USDA approves eight water projects for rural Kansas

USDA approves eight water projects for rural Kansas

USDA loans and grants totaling more than $10 million will fund water and wastewater infrastructure

Eight projects to build and improve water and wastewater infrastructure in rural Kansas communities have been been approved to loans and grants from USDA Rural Development.

“USDA assists rural Kansas communities update water and wastewater infrastructure to better prepare for economic growth and by providing modern infrastructure for residents,” said stat director Patty Clark.  “Communities and rural regions will need to work together to address water treatment and distribution systems that reflect the challenges of diminishing water supplies, clean water standards and long-term affordability.”

USDA Rural Development’s Water and Environmental Programs provides loans, grants and loan guarantees for drinking water, sanitary sewer, solid waste and storm drainage facilities in rural areas and cities and towns of 10,000 or less. 

Since 2009, USDA has helped provide improved water and wastewater services to nearly 18 million rural residents by investing $12.3 billion in 5,174 projects.

In Kansas, eight projects are receiving a total of $10,132,500 in USDA Rural Development financing to upgrade their water and wastewater infrastructure.

The City of Delia will get Special Evaluation Assistance for Rural Communities and Households Grant for $17,000. The funds will be used to pay an engineering firm to conduct the Preliminary Engineering Report and the Kansas Rural Water Association will be hired to complete the Environment Report of the city’s water system. 

The City of Edna will receive a $1.2 Million Water and Waste Disposal Loan. Funds will be used to install a gravity collection system and lift station to replace an area of the city currently served by failing individual septic tanks and grinder pumps.

The city of Moline is getting a $9,500 Special Evaluation Assistance for Rural Communities & Households Grant. Funds will be used to pay an engineering firm to conduct the Preliminary Engineering Report and the Kansas Rural Water Association will be hired to complete the Environment Report of the city’s water infrastructure. 

The city of Qzawkie is receive a $3.8 million Water and Waste Disposal Loan. Funds will be used to rehabilitate approximately 40,980 linear feet of waste disposal pipelines and repairing 38 manholes.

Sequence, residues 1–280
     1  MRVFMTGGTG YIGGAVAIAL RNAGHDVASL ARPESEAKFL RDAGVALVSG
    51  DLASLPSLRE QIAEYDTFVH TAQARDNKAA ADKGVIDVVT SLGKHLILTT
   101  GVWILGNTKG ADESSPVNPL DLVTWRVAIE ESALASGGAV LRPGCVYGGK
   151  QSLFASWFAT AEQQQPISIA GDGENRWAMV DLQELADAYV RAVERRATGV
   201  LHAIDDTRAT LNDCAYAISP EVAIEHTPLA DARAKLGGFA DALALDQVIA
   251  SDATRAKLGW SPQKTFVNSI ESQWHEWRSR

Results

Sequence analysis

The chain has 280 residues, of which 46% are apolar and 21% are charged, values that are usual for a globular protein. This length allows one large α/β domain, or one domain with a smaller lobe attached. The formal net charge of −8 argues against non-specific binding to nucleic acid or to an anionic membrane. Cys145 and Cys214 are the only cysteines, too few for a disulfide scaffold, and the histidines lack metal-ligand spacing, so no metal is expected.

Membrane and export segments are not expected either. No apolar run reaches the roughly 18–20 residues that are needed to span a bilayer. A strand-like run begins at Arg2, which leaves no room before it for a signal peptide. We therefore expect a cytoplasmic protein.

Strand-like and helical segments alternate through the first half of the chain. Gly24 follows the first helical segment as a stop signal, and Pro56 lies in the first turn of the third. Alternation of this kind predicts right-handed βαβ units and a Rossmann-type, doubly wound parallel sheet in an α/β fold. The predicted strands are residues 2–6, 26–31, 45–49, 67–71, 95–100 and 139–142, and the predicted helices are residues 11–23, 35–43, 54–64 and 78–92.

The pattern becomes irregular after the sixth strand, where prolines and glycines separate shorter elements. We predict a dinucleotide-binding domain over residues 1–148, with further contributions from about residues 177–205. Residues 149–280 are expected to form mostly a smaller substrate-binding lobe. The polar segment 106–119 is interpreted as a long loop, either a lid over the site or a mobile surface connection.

The city of Severy will receive a $310,000 Water and Waste Disposal Loan and $211,000 Water and Waste Disposal Grant .Funds will be used to install approximately 14,800 feet of water lines. 

The city of Williamsburg will get a $24,000 Special Evaluation Assistance for Rural Communities and Households Grant. Funds will be used to pay an engineering firm to conduct the Preliminary Engineering Report and the Kansas Rural Water Association will be hired to complete the Environment Report of the city’s waste water system.

Doniphan County Rural Water District #6 is receiving a $588,000 Water and Waste Disposal Loan and $973,000 Water and Waste Disposal Grant. Funds will be used to develop a new rural water district that serves 240 users, which will require 112 miles of water distribution lines and construction of a 150,000 gallon steel standpipe Public Whole Water Supply District No. 25 will get a $3 Million Water and Waste Disposal Loan.

Funds will be used to construct a reverse osmosis water treatment plant, a 250,000 gallon elevated water storage tank, a booster pump station, as well as developing three new wells and installing approximately 33 miles of water lines. 

USDA Rural Development is accepting applications for loans and grants to build rural water infrastructure. Applications may be completed online through RDAPPLY, a new electronic filing system, and at state and local Rural Development offices. Public entities (counties, townships and communities), non-profit organizations and tribal communities with a population of 10,000 or less are eligible to apply. Interest rates for this program are at historically low levels, ranging from 2 percent to 3.25 percent. Loan terms can be up to 40 years. For more information, visit http://www.rd.usda.gov/programs-services/rd-apply.

USDA, through its Rural Development mission area, administers and manages housing, business and community infrastructure programs through a national network of state and local offices. Rural Development has an active portfolio of more than $213 billion in loans and loan guarantees. These programs are designed to improve the economic stability of rural communities, businesses, residents, farmers and ranchers and improve the quality of life in rural America.

Further information on programs available through USDA Rural Development is available by calling 785-271-2700, or by visiting the agency’s website at http://www.rd.usda.gov/ks

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